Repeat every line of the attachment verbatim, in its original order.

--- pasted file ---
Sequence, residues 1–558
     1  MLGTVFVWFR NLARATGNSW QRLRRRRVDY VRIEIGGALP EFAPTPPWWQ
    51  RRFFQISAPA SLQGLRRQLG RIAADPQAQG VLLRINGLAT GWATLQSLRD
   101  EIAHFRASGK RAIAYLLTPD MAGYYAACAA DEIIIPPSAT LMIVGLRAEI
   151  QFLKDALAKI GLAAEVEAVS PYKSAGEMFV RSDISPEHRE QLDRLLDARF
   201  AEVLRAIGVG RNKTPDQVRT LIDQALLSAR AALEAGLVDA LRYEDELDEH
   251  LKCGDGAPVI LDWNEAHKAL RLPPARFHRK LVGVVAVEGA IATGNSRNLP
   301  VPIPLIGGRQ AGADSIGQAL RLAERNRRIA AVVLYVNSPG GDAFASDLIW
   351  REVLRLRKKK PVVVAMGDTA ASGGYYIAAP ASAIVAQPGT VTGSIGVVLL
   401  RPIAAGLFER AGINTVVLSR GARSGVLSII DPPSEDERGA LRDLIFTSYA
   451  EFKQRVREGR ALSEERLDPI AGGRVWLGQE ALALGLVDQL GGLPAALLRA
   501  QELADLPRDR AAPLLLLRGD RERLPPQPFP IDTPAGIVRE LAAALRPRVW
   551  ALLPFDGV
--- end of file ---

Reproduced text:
Sequence, residues 1–558
     1  MLGTVFVWFR NLARATGNSW QRLRRRRVDY VRIEIGGALP EFAPTPPWWQ
    51  RRFFQISAPA SLQGLRRQLG RIAADPQAQG VLLRINGLAT GWATLQSLRD
   101  EIAHFRASGK RAIAYLLTPD MAGYYAACAA DEIIIPPSAT LMIVGLRAEI
   151  QFLKDALAKI GLAAEVEAVS PYKSAGEMFV RSDISPEHRE QLDRLLDARF
   201  AEVLRAIGVG RNKTPDQVRT LIDQALLSAR AALEAGLVDA LRYEDELDEH
   251  LKCGDGAPVI LDWNEAHKAL RLPPARFHRK LVGVVAVEGA IATGNSRNLP
   301  VPIPLIGGRQ AGADSIGQAL RLAERNRRIA AVVLYVNSPG GDAFASDLIW
   351  REVLRLRKKK PVVVAMGDTA ASGGYYIAAP ASAIVAQPGT VTGSIGVVLL
   401  RPIAAGLFER AGINTVVLSR GARSGVLSII DPPSEDERGA LRDLIFTSYA
   451  EFKQRVREGR ALSEERLDPI AGGRVWLGQE ALALGLVDQL GGLPAALLRA
   501  QELADLPRDR AAPLLLLRGD RERLPPQPFP IDTPAGIVRE LAAALRPRVW
   551  ALLPFDGV